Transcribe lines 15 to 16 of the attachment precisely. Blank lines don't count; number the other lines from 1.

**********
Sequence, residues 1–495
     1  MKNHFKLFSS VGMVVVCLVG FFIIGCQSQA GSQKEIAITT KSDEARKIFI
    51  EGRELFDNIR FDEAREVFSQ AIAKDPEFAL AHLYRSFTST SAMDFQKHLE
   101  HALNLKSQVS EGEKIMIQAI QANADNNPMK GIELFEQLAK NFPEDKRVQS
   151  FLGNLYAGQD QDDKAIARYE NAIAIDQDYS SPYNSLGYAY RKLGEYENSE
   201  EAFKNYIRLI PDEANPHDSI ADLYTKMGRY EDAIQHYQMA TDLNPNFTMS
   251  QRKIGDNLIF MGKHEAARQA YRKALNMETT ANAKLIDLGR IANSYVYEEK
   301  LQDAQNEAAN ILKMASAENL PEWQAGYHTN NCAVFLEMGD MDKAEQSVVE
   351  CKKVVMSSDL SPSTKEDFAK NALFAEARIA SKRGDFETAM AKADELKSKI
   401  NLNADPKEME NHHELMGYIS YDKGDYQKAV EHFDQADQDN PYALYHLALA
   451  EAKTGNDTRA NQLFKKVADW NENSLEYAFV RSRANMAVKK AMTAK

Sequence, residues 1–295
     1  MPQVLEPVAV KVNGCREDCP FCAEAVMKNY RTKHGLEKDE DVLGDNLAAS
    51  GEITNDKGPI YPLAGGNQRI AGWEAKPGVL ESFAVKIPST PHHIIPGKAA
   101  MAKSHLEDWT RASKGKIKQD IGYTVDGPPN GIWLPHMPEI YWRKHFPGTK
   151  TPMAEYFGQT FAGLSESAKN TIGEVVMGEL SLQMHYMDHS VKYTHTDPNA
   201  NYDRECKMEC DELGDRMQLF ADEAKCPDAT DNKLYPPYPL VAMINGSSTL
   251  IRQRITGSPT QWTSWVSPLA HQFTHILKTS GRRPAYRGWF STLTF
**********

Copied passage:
   101  MAKSHLEDWT RASKGKIKQD IGYTVDGPPN GIWLPHMPEI YWRKHFPGTK
   151  TPMAEYFGQT FAGLSESAKN TIGEVVMGEL SLQMHYMDHS VKYTHTDPNA